When a name is common across many language areas due to shared culture, each one will adapt it to their own language. John was originally a Hebrew name "Yohanan". As it spread through Christian countries and areas influenced by them, it became Giovanni, Jan, Eoin, Juan, Seán, and John in English, and many more. We're not sticking to the original pronunciation any more than anyone else. And so it's the same with Paul/Pól.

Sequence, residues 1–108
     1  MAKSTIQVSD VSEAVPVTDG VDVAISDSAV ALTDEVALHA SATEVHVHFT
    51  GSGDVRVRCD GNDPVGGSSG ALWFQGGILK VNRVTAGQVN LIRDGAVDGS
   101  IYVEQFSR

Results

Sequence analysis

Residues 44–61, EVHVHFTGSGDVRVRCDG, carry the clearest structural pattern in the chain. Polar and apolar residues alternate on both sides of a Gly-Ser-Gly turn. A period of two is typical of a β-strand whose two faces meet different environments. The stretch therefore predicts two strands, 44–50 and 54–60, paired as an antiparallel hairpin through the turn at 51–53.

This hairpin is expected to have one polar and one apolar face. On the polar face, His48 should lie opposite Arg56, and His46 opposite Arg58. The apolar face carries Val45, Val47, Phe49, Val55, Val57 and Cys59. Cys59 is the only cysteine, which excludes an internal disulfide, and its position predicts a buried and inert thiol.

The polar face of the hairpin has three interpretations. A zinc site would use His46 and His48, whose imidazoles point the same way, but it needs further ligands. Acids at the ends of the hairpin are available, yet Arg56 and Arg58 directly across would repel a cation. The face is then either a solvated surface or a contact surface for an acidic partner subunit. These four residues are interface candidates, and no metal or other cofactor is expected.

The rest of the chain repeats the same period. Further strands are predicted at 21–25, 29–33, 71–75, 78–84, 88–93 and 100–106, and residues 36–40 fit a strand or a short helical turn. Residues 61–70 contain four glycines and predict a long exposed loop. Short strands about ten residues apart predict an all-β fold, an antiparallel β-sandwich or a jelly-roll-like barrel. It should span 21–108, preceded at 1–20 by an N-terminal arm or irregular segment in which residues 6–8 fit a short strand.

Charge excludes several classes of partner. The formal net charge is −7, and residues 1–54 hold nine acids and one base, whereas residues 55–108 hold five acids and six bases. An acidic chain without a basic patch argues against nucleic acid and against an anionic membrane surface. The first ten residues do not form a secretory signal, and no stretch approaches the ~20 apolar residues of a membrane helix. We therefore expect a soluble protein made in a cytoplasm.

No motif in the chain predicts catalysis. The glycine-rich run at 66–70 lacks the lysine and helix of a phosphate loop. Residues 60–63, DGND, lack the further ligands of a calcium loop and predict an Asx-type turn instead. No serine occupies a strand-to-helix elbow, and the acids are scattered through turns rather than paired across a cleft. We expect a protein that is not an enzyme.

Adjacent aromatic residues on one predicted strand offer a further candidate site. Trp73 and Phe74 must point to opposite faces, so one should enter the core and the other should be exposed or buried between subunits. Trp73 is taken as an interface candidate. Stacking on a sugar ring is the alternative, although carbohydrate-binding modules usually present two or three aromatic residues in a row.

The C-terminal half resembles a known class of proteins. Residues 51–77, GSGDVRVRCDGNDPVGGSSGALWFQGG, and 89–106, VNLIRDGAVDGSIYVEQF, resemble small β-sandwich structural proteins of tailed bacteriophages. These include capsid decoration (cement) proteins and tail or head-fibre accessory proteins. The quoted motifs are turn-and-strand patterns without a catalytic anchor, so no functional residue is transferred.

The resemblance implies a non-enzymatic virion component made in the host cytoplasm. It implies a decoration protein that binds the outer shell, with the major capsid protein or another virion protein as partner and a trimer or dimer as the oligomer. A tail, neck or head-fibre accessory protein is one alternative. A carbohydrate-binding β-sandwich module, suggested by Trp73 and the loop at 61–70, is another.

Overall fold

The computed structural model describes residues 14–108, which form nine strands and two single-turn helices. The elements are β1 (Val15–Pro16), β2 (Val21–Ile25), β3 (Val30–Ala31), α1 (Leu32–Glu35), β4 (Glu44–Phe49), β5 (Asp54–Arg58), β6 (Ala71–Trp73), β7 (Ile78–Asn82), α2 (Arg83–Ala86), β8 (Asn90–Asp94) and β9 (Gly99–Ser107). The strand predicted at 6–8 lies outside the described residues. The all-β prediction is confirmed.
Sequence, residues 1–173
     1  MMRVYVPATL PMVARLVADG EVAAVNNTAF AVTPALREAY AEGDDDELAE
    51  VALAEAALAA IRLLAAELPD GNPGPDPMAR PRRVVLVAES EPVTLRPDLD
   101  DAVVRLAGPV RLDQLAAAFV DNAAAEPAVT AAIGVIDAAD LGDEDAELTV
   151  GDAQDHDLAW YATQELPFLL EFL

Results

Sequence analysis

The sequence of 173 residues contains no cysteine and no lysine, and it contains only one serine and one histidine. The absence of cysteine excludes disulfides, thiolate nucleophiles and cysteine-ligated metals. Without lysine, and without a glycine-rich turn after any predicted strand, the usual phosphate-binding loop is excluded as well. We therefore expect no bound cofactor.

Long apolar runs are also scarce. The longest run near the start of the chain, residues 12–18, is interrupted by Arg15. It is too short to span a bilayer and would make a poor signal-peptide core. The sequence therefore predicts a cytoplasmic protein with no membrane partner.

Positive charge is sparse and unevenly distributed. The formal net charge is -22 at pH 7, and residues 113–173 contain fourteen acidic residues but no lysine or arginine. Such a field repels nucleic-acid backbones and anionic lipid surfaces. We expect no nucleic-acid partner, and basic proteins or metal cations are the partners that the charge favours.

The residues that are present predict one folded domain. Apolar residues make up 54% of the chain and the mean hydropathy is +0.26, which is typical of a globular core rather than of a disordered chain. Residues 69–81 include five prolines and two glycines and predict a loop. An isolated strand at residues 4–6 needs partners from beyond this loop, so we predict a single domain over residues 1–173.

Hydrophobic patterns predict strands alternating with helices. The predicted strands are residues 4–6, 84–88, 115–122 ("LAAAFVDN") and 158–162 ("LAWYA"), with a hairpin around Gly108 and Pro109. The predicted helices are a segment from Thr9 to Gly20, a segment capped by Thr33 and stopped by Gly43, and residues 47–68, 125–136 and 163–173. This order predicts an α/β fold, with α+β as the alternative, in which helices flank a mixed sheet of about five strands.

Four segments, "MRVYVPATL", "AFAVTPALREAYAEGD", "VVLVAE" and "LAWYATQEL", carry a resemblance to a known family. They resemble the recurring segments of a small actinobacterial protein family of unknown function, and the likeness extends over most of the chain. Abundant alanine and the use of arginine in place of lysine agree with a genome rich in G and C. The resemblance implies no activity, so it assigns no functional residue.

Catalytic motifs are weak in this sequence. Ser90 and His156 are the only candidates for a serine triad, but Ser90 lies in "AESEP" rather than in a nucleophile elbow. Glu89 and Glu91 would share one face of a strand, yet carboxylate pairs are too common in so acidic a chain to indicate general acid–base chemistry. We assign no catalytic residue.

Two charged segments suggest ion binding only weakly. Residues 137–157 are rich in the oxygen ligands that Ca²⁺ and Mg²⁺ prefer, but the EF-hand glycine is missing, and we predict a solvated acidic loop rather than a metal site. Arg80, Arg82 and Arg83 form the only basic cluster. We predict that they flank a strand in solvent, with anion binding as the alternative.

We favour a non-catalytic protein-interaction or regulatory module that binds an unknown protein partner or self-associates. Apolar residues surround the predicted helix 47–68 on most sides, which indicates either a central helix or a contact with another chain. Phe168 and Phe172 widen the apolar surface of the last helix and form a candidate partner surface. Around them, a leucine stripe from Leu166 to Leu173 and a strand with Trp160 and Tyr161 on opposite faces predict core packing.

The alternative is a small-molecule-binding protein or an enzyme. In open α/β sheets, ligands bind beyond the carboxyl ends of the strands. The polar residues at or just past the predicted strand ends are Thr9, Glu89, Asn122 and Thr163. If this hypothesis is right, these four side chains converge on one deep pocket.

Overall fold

Because Irish, just like English, distinguishes between a simple present tense (Paul drinks water - Ólann Pól uisce) and a continuous present tense (Paul is drinking water - Tá Pól ag ól uisce). The two forms have different meanings in both English and Irish.
(Many other European languages do not make this distinction).